Ultimately, it comes down to what MEO offers – high capacity to practically anywhere on the globe with low latency and with incredible reliability. It comes down to being able to deliver connectivity in places that GEO, fiber or microwave can’t service or can’t service as well.

Mike Blefko: While I cannot speak on behalf of the USG, the services that the O3b constellation offers to our military end users greatly expand the mission capabilities at austere remote locations.  Delivery of terabyte-sized files in a few hours, simultaneous viewing of multiple HD video feeds, 4GLTE over last mile communications links and enterprise utilization of cloud-based applications are the differentiating services enabled by MEO satellites.  All this at a total cost of ownership that is significantly less than historical VSAT services.

GSR: What will a global O3b constellation mean for government users? What capabilities will this give them that they wouldn’t receive from an equatorial system?

Ken Mentasti: Multiple HD video feeds from a single platform can help the military with ISR and intelligence gathering by disseminating actionable intelligence and information to the government user. The applications are almost limitless. In fact, many applications don’t even exist yet that can take advantage of the bandwidth we’ll be capable of delivering. This kind of bandwidth can become a driver of future innovation by eliminating limitations.

The expansion of the O3b MEO constellation can enable global Ka band coverage that can be flexibly allocated globally that has the capability to route traffic wherever and whenever the government needs it. These new satellites will apply the latest and greatest security and encryption. Their steerable beams will be key for risk avoidance and for avoiding interference. And the size of the constellation will give it baked-in resiliency.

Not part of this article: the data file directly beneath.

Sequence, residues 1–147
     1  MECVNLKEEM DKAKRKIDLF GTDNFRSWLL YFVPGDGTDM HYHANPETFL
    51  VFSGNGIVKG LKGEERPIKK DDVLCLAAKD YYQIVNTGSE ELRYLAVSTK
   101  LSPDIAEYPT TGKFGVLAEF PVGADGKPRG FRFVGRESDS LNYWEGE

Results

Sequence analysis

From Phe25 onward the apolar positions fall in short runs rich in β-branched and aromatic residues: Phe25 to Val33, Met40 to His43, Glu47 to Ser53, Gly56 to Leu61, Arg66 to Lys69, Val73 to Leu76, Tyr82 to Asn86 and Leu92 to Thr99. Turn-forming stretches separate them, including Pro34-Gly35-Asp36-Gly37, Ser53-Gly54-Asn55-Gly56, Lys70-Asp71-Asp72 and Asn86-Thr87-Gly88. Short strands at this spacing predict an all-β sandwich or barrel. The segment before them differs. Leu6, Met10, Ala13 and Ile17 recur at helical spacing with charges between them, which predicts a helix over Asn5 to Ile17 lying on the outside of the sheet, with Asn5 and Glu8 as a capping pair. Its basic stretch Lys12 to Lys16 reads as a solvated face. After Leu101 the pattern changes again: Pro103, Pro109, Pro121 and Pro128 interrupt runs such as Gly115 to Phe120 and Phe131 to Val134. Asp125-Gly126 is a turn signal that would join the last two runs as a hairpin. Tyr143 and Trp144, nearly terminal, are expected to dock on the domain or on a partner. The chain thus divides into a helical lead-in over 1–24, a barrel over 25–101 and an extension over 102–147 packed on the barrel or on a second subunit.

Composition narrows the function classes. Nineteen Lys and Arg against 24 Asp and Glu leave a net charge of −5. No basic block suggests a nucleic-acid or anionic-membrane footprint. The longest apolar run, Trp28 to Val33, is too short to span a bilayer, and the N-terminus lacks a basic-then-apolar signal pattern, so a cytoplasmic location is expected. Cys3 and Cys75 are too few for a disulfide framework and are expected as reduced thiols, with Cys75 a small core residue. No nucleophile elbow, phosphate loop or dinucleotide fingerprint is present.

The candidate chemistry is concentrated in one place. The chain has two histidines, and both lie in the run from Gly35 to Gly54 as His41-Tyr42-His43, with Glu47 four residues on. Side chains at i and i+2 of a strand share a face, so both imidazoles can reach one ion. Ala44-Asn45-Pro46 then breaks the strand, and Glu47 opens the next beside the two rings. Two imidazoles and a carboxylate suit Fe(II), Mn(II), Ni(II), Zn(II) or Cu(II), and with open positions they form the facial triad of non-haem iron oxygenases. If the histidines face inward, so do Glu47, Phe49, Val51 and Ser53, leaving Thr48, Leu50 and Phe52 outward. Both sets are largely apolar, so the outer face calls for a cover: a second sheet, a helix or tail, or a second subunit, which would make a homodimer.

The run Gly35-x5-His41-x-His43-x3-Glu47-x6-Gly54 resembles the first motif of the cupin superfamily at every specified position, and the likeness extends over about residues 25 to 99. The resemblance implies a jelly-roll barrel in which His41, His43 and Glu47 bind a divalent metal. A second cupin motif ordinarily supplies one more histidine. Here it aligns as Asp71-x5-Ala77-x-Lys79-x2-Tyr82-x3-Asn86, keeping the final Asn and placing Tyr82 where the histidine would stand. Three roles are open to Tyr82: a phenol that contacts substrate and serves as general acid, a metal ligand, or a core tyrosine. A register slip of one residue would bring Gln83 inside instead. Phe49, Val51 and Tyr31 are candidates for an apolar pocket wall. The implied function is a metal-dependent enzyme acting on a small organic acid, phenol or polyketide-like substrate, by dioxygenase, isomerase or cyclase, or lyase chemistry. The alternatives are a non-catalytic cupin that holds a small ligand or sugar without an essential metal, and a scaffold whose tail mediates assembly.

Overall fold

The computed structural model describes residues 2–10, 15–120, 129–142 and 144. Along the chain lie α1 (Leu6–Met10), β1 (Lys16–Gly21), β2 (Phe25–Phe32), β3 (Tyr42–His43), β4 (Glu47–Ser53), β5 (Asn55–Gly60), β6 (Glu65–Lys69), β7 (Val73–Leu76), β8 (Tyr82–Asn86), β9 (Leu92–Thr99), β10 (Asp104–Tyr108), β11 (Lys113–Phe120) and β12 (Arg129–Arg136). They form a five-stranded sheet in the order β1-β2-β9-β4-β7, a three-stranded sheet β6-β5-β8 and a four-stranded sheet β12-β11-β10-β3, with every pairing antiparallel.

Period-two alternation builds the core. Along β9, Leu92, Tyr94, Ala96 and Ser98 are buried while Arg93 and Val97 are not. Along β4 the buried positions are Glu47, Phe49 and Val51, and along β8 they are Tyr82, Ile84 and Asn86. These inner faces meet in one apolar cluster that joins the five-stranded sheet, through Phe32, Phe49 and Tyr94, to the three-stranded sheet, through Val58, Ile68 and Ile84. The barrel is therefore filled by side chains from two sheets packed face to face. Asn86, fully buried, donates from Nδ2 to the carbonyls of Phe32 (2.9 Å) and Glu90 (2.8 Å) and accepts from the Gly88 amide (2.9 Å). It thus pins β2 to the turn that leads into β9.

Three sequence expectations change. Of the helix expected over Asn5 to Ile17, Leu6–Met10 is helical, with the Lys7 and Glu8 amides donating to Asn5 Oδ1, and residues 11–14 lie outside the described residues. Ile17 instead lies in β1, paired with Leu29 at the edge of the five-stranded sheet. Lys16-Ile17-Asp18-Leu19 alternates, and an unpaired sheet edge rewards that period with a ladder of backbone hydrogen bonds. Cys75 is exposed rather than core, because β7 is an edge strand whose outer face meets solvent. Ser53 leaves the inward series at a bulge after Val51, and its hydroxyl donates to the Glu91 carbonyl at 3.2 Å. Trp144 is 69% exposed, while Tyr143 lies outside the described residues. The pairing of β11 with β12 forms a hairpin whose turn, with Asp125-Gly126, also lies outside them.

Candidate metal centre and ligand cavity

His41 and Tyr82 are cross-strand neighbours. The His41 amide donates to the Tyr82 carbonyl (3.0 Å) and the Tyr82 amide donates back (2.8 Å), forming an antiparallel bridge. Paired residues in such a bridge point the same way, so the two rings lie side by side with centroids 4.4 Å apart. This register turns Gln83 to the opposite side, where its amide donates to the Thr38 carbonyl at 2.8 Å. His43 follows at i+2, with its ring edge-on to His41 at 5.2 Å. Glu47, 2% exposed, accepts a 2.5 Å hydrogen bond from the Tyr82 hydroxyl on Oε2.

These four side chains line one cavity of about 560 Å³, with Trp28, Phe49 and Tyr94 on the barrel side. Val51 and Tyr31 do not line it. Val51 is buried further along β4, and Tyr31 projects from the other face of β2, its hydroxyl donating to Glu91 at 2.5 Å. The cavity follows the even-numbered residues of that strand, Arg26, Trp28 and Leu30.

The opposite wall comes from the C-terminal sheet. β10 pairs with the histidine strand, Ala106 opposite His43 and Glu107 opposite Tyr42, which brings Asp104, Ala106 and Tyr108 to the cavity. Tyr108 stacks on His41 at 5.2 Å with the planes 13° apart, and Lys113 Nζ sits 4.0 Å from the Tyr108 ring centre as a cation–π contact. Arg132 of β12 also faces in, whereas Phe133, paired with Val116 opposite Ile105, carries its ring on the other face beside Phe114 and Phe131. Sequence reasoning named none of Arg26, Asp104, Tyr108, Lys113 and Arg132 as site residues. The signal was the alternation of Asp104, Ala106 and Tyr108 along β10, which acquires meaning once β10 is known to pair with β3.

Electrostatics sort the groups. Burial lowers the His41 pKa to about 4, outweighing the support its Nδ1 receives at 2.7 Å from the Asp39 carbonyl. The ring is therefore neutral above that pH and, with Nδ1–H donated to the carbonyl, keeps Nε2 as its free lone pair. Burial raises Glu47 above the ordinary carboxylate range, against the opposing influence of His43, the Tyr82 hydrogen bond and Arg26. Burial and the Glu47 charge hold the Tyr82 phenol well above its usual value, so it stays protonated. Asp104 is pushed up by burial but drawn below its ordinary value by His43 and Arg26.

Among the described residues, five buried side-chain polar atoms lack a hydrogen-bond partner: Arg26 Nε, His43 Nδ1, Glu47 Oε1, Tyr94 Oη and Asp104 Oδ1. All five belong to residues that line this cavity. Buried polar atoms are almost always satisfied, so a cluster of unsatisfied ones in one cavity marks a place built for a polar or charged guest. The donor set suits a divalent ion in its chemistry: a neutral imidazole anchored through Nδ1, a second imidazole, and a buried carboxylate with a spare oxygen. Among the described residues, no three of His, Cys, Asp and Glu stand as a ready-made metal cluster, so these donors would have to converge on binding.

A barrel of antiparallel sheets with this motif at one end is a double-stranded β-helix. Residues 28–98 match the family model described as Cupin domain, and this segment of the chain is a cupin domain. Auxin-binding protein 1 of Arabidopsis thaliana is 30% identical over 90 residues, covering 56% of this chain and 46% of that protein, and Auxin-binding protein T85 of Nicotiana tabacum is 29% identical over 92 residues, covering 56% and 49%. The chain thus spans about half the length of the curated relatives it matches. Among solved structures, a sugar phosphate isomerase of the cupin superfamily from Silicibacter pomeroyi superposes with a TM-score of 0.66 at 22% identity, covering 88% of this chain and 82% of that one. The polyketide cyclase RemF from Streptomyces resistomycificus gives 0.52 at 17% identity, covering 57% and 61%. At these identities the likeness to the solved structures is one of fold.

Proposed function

All of these things are essential for government and military applications.

Mike Blefko:  The current MEO O3b constellation of 16 satellites that will grow to 20 in 2019 has provided our government users with unmatched throughput (600×600 Mbps) at low latency (<150msec). The next-generation O3b mPOWER system in 2021 will increase this throughput by 10 fold over a gateway-less architecture.  Truly ‘anywhere to anywhere’ connectivity will unleash another satellite industry paradigm shift to make the untethered user more capable, more effective, more productive, and more empowered.

GSR: What is the timeline for the launch of the O3b global satellite system? How long before this is available for government users?

Will Lewis: As is standard with FCC approvals of NGSO systems, SES is required to launch at least half of the 26 additional satellites within six years to maintain the approval.

Those new satellites would all be the next generation of our MEO satellites — O3b mPOWER — with advanced technologies, higher throughput, additional flexibility and increased bandwidth. In addition, the satellites are authorized to operate for both Ka and V band. The initial O3b mPOWER launches are targeted for 2021 and are expected to be for equatorial satellites.

During the course of those six years, SES will be actively assessing the market for satellites in inclined orbit and will respond according to market demand.

To learn more about the ways that commercial satellite services are being used within the military, download the following resources: